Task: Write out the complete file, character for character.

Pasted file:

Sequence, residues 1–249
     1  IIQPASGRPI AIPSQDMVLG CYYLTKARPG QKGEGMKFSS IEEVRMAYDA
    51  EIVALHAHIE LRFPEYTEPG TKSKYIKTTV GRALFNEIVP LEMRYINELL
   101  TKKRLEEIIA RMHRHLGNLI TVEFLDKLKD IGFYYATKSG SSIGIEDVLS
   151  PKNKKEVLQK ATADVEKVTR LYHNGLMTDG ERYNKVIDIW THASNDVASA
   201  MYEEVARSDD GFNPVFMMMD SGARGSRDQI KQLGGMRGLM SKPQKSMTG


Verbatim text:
Sequence, residues 1–249
     1  IIQPASGRPI AIPSQDMVLG CYYLTKARPG QKGEGMKFSS IEEVRMAYDA
    51  EIVALHAHIE LRFPEYTEPG TKSKYIKTTV GRALFNEIVP LEMRYINELL
   101  TKKRLEEIIA RMHRHLGNLI TVEFLDKLKD IGFYYATKSG SSIGIEDVLS
   151  PKNKKEVLQK ATADVEKVTR LYHNGLMTDG ERYNKVIDIW THASNDVASA
   201  MYEEVARSDD GFNPVFMMMD SGARGSRDQI KQLGGMRGLM SKPQKSMTG